Reading and writing
Multiply opportunities to read, write, and be read.
Even when the content is more textual than numeric, the numbers count. Reading and writing should be regular processes that cumulatively add texts and written tasks to the learning process. Researchers also benefit greatly when multiple readers read their work and provide feedback. Whether you are a supervisee or supervisor, you can create journal clubs or writing groups, for example, to facilitate these activities.
Scholars broaden their knowledge primarily through reading. Compared with listening to a lecture, reading an article provides much more information. Reading also involves many pauses that lectures do not, and in these intervals readers can wonder, question, and examine statements for accuracy, all while reinforcing memory by association with other texts.
Below are a number of strategies that can help highlight the importance of reading regularly in order to understand the scientific and scholarly context in which to situate the thesis and thus determine its significance. Obviously, many of the strategies also help students improve their writing.
What supervisors can do about reading
- Invite students to read and critique a manuscript or other forms of academic writing that you are invited to review, and then compare notes with you.
- Use journal clubs (group meetings for discussion of scholarly publications) as an opportunity to discuss not just the scientific content of a paper but also the relative merits of the ways in which the study has been situated in the field:
- Have key ideas been overlooked?
- Who has not been cited that might have been?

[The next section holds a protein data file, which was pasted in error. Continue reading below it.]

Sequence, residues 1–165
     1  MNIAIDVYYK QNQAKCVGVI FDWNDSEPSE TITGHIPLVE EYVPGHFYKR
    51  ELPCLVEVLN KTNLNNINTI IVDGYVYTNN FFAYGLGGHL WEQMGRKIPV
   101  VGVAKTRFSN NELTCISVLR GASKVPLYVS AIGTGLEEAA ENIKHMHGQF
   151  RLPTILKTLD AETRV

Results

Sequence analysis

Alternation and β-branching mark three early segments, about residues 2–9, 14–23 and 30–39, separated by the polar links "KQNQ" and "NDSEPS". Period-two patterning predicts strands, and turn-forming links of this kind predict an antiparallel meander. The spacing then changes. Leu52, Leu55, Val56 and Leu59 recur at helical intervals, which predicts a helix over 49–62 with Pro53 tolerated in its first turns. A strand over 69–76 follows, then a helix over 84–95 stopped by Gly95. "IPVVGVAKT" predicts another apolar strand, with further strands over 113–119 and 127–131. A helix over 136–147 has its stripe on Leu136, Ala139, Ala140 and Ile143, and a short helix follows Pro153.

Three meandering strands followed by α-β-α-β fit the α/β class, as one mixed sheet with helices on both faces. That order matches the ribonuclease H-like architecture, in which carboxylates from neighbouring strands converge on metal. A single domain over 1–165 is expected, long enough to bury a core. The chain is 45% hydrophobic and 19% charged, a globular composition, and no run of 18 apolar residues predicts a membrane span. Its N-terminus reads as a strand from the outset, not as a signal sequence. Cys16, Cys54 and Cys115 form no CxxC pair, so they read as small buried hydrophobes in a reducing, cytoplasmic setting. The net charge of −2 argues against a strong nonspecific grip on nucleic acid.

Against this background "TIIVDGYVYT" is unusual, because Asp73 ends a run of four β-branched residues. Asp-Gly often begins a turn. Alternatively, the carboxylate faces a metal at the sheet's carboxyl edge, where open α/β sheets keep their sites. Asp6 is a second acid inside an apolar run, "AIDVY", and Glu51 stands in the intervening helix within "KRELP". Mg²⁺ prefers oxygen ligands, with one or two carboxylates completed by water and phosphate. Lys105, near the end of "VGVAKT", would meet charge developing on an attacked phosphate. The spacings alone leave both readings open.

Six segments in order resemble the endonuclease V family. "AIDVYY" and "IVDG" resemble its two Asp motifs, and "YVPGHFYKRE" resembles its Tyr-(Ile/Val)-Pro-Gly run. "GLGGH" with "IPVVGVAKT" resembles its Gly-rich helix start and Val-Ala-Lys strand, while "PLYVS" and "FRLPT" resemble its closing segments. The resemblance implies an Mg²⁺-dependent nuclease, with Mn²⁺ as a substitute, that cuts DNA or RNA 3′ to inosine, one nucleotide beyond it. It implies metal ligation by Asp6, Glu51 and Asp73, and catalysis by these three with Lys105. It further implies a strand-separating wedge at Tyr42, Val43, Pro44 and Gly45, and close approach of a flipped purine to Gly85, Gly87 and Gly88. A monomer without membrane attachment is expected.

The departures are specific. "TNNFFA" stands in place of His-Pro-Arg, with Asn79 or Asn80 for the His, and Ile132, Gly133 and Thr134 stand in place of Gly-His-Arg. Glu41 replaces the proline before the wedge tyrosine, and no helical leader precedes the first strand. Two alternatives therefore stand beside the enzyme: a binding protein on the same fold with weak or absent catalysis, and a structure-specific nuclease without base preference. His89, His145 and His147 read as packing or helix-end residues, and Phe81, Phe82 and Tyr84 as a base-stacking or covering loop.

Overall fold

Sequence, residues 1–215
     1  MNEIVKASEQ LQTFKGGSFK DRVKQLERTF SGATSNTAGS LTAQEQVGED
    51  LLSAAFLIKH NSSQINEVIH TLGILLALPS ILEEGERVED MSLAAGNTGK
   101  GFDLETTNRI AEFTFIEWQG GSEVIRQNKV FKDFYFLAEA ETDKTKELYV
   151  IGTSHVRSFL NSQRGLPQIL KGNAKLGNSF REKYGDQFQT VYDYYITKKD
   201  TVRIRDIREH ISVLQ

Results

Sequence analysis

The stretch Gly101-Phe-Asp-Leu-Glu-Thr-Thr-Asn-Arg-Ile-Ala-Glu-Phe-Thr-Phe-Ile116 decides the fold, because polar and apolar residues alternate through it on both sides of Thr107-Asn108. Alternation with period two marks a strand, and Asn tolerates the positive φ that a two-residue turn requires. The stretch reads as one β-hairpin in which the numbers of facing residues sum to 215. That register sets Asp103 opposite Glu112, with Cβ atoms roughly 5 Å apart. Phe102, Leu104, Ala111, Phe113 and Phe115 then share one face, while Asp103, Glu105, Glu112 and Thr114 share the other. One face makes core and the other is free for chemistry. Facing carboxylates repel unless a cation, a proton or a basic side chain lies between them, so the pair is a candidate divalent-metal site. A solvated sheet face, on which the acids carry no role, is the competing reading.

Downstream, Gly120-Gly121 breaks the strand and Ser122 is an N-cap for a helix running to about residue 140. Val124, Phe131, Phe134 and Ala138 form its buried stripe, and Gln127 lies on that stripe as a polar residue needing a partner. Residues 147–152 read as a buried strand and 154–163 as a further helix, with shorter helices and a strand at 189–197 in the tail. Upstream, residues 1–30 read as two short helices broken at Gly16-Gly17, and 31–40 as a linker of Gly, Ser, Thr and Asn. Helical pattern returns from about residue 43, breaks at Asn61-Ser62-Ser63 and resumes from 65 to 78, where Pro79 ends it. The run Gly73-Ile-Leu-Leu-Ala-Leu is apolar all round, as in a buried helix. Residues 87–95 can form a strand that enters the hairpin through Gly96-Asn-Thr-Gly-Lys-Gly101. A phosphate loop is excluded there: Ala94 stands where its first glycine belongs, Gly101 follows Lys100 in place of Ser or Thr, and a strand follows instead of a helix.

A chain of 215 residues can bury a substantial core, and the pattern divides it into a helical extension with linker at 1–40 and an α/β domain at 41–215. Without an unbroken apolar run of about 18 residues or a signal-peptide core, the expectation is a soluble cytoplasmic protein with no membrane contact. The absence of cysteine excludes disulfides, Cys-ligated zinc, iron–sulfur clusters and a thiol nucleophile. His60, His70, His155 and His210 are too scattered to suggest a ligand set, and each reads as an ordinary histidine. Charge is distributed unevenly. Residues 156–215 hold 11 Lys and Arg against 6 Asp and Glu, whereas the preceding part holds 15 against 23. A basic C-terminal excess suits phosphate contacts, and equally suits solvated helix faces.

- What unfamiliar scientists and research have been cited?
- If two papers are being discussed, which is more elegant in the ways the ideas and evidence are presented, and why?
- Boote, D. & Beile, P. (2005). Scholars before researchers: On the centrality of the dissertation literature review in research preparation. Educational Researcher, 34(6), 3-15.
- Kennedy, M. (2007). Defining a literature. Educational Researcher, 36(3), 139-147.
The practice of writing—regular, authentic opportunities to try out and master different kinds of writing—is essential. Students often express difficulties with starting to write. Yet, when they felt they were making the points they wanted to make clearly and convincingly, they could find the experience motivating, as this student notes.
Beginning the writing process was also important, because it is usually the most difficult, but seeing the product gave me a sense of accomplishment. I was reminded how much I can enjoy writing, and was motivated to continue writing late into some nights, once beyond the initial overwhelming feeling of starting.
For students who have inadequate writing skills, however, supervisors often find it challenging to provide help. This supervisor below was unable to help one of his students write:
He’s my first PhD student…The work itself was fantastic, the results are fantastic, it is just the way to structure an argument … where it is not just a mishmash of statements where… there’s illogical chain where there is a method that seems to be highlighted. No, that particular gentleman has got a real problem and the thing is I’m not doubting of his capabilities as a researcher …. he is a smart guy but he just can’t write even though…his first language is English. …He’s sometimes a bit patchy I will say. ... I guess as a teacher this is where I feel a bit unresourceful because I don’t know how to address it …I just can’t see myself … being very negative to that guy I would feel… probably do me a lot of good, but I …just can’t say that this is BS and … go back, rewrite it. So I’ll probably just sit down and write it myself.